“Medicine along with other humanitarian aid is to be delivered to civilians in the Gaza Strip, in the most affected and vulnerable areas, in exchange for delivering medication needed for Israeli captives in Gaza,” the Qatari Ministry of Foreign Affairs said Tuesday in a statement posted on X.
The medications and aid will leave Doha on Wednesday and head to Egypt before being transported to Gaza, the ministry added. It is unclear when the medicines are expected to reach Gaza.
Relatives of the more than 100 remaining hostages believed to be alive in Gaza have been calling for medications to be passed on to their loved ones.
It has been more than three months since Hamas fighters attacked Israel on October 7, killing 1,200 people and taking more than 240 hostage. The Hostages and Missing Families Forum, an advocacy group for the victims’ families, say that each new day in captivity further endangers their lives and health.
At least a third of the hostages have chronic illnesses and require medications, the forum said in a report released last week, adding that “others suffer from illnesses related to the harsh captivity conditions, which include mental and physical torture.”
Severe shortages of medicines and medical supplies in Gaza have led to operations being performed on children without anesthesia, according to UNICEF and a British surgeon who led an emergency medical team at the Al-Aqsa Hospital in central Gaza.
The Qatari announcement comes days after the Israeli Prime Minister’s Office said the director of Israel’s Mossad spy agency, David Barnea, had reached an agreement with Qatar on the delivery of medicines to hostages held by Hamas in Gaza.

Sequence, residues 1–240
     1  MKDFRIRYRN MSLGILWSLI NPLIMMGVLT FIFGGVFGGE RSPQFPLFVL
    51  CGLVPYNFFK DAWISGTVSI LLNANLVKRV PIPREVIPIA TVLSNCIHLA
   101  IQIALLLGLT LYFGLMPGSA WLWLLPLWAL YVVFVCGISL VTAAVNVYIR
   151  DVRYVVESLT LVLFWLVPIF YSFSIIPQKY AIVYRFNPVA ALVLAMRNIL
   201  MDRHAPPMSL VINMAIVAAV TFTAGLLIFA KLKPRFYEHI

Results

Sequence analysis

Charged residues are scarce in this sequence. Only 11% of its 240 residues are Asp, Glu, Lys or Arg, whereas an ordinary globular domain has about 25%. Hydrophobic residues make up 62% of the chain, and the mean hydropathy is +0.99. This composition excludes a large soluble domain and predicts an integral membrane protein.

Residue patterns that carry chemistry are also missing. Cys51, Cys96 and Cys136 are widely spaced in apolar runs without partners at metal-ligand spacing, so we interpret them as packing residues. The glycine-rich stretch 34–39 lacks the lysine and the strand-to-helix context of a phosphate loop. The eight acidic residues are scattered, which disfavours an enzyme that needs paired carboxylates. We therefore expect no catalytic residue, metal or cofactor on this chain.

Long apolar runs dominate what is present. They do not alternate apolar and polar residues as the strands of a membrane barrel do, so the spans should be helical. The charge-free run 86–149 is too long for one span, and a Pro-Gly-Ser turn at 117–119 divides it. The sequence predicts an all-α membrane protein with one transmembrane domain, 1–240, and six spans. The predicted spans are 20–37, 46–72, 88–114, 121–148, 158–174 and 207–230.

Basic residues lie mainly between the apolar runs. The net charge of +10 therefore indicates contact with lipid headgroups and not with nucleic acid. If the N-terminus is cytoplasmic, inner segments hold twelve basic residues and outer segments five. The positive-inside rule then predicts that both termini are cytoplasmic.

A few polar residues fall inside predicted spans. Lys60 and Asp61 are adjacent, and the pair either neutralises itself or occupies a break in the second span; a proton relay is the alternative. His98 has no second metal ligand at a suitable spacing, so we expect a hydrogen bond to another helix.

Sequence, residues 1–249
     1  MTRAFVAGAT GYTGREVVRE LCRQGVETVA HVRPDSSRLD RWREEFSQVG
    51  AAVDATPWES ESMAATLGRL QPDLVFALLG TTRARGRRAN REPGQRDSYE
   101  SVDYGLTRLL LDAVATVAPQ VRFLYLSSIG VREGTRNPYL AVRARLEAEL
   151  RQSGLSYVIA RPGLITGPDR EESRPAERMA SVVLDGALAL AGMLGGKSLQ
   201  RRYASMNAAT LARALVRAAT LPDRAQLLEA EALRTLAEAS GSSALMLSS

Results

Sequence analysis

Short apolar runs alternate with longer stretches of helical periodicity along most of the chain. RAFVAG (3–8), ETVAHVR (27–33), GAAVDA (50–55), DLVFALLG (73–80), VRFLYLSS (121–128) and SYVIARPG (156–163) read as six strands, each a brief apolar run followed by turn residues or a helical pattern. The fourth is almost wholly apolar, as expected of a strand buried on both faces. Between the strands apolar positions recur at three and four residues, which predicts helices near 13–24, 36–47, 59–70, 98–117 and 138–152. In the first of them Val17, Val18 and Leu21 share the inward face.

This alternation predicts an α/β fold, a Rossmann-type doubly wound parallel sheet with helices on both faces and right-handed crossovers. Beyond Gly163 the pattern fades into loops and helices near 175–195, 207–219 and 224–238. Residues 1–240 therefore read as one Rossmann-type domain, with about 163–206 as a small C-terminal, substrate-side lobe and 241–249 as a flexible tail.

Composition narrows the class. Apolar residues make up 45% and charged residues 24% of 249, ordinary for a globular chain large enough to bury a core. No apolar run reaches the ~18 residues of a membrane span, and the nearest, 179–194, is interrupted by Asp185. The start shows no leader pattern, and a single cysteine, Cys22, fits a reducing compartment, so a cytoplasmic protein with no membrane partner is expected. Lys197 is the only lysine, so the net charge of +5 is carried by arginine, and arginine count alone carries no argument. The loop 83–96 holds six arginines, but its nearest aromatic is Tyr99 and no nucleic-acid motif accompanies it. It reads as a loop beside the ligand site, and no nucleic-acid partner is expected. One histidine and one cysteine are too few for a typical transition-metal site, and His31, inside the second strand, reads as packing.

Qatar played a key role in brokering an agreement between Hamas and Israel that led to the brief truce in November and the release of more than 100 hostages, as well as hundreds of Palestinian prisoners held by Israel.
The International Committee of the Red Cross (ICRC), which helped facilitate the release of the hostages in November, has been unable to visit the remaining captives in Gaza and does not know where they are, it told CNN.
It is unclear if the Red Cross will help pass the medication to the hostages. Over the weekend, an official familiar with the discussions told CNN that the Red Cross would not have a role in the deliveries.
The medicine is destined for more than 40 hostages thought by Israel to need it, according to the official, who also said that Hamas only agreed to the deal if more medicine was sent to hospitals and Palestinians in Gaza.
Throughout the war, Israel has allowed a limited amount of aid and medicines to enter Gaza but far more is needed, humanitarian groups say. The United Nations has complained that Israel has been rejecting missions to deliver supplies to northern Gaza.
An estimated 1.9 million people, or 85% of Gaza’s population, are now internally displaced, says the UN, while only 15 of the enclave’s hospitals remain operational.